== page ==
[quote=“hedefalk, post:20, topic:6982”]
Let me make it clear: I wanted multiple pots in schema that had a shared connector footprint.
[/quote]Just to be clear, since you use past tense you did get this accomplished? Multi-unit approach?
[quote=“hedefalk, post:20, topic:6982”]
Then what you do is to make a multi-unit symbol which has one unit per pot.
When you create this symbol, make sure:
a) that you specify the number of units,
b) That the “Units are not interchangeable” box is not checked,
c) when you draw the pot symbol (or an outline box) that it’s “sharing” property “common to all units in component” is checked,
d) when you place the pins on the symbol, make sure that in the pin properties, “Common to all units in component” is NOT checked,
e) that the “edit pins per part or body style” is NOT selected,
f) and for each unit, you have to edit each pin’s pin number to match what pin you want to use on the terminal strip.
g) Choose the footprint (the terminal strip) before saving the symbol in the schematic library. Call it something like “foo.” Whatever.
Now, when you generate a BOM from the schematic, for this multi-pot thing you’ll get a single entry called foo. It won’t know about the terminal strip and it won’t know about the pots or the wiring you need to hook it all up. You’ll have to add those details to your BOM manually.
He wants it the other way round. The potis are outside the pcb. they connect to the pcb via the connector.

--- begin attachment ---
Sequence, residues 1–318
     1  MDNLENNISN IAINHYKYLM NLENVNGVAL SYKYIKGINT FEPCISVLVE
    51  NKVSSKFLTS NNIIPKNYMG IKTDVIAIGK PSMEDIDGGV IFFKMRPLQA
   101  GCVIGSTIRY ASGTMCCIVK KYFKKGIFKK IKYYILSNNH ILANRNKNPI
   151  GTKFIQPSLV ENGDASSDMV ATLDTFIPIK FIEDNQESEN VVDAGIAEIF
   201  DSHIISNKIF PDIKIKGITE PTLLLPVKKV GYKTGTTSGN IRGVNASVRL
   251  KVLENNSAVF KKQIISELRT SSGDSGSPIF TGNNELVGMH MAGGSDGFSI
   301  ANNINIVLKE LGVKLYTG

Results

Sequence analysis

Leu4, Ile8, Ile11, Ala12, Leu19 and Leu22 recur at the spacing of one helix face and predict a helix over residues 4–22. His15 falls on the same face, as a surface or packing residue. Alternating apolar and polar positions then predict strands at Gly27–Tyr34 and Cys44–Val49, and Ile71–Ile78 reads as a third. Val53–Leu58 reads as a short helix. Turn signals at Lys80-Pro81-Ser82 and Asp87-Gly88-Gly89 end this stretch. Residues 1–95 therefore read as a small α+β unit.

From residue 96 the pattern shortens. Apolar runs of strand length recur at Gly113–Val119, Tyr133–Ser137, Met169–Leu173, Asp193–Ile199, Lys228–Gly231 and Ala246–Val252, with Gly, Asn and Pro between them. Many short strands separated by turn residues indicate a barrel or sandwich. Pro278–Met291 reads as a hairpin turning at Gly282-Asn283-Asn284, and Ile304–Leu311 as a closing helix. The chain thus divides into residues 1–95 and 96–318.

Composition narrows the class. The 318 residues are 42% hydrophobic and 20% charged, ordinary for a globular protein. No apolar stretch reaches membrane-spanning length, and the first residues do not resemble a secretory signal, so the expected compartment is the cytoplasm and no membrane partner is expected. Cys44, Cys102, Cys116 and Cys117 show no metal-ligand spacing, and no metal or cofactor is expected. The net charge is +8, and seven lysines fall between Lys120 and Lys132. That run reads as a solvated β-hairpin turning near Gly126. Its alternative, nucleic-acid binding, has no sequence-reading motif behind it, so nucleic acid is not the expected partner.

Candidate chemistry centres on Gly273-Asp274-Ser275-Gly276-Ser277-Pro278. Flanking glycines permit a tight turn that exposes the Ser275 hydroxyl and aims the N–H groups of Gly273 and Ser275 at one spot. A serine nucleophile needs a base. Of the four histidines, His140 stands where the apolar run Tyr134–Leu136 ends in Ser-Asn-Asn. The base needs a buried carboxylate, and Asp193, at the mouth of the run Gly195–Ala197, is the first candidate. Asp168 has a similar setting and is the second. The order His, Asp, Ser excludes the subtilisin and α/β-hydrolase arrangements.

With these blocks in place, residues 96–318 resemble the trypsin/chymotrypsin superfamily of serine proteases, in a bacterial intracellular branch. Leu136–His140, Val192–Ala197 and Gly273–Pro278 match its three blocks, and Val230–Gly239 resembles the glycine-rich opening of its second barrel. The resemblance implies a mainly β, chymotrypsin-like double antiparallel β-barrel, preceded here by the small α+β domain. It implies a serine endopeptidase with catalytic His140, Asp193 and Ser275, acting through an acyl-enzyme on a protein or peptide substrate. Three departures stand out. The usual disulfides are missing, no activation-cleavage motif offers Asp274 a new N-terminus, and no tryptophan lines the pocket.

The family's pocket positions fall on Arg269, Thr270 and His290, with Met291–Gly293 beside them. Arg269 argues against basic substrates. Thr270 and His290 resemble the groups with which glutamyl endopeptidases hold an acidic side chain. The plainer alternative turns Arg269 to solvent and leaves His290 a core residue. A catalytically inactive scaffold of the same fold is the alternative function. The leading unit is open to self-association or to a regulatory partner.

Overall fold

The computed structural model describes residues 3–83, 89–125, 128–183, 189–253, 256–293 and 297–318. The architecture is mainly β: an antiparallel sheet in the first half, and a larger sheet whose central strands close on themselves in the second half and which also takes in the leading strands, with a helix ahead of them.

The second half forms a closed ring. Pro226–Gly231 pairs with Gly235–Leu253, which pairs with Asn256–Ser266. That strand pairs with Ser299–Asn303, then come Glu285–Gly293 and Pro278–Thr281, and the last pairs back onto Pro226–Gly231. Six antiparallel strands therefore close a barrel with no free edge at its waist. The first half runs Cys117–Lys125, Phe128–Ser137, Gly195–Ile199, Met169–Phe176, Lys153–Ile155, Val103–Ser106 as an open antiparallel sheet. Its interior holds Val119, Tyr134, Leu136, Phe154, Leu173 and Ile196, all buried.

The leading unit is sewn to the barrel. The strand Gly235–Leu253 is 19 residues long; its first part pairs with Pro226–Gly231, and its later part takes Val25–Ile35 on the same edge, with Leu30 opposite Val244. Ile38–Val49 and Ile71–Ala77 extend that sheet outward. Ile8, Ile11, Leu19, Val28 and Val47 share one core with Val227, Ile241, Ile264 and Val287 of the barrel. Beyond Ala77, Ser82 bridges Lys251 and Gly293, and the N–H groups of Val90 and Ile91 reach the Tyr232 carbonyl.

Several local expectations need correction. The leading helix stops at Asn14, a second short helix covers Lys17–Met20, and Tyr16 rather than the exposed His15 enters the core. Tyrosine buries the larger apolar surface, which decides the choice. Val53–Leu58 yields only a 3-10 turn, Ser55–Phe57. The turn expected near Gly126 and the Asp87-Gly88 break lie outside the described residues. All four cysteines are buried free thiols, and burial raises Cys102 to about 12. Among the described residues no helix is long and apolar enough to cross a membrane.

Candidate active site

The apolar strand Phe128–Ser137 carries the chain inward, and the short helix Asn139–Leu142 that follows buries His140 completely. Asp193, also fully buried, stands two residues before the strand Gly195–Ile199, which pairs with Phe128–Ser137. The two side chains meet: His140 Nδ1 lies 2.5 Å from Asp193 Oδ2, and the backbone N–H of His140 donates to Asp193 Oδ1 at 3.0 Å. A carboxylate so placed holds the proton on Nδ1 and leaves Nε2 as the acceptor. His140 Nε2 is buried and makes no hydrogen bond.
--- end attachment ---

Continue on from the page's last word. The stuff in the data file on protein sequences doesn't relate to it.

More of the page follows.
I happen to have a quirky part on the board that I last designed. So, I know this works, even if it is unusual. In my schematic I have a part with pins that are not-connected and a footprint without pins (but does have holes…LOL).
Instead of going through the trouble of creating footprints without pins, I simply did not assign a footprint to the resistors. The netlist and ERC in PcbNew worked fine.
A bit unintuitive in my mind. (If i look at this part of the schematic without context i assume the potis are on the pcb.) The suggestion by @dchisholm seems to work better. (Specialized symbols the show the poti and connector.)
I agree. But this took zero extra effort on my part.
Extra text on the drawings could clarify the intent.
Only problem is the BOM for that approach… one symbol can’t stand for 2 different parts, the connector AND the poti.
These should convey enough information and also allow for good BOM handling.
On Edit: WHOOPS! I’m not fixing it even though I see it now… LOL…
Yea, I know, replying to my own thread. But, looking at the boxes above gave me an idea!
It would be possible to design one schematic, having two boards. Then the project could be cloned to a different name. Perhaps, Project_MainPcb.pro and Project_Panel.pro.
Each actual board could be worked on separately.
Yes, it requires some manual editing of P/L and BOM. Not the kind of thing you want to do day-in and day-out in a large enterprise but workable at a small scale.
It’s quite possible to draft a schematic in KiCAD where an entire PC board is represented by a simple rectangle, and show the connections to other components - switches, potentiometers, batteries, other assemblies, etc. Unfortunately, KiCAD doesn’t have any way to tell us that (for example) Subassemblies A, B and C are all part of Assembly X, which in turn is the major component of Product P.
I took a big break from this but now I’m back at it
I’m thinking I’ll be fine with the approach of having both connectors and pots/jacks in the schema. Things to note:
- Typically there’s gonna be panel wiring, like wiring ground between all the pots and jacks and just one ground cable to the pcb.
Ok, so follow up question. I have something like this now:
where I will probably line up the connectors on the pcb later in a row. But how do I unassign or ignore the jack in the footprint selection? I mean, I don’t want it in the netlist do I? Do I have to manually delete it? What if I then need to reiterate the schematic?
Is there any way to unassign in this view:
And if I assign with wrong number of pads I get this error message, should I not care?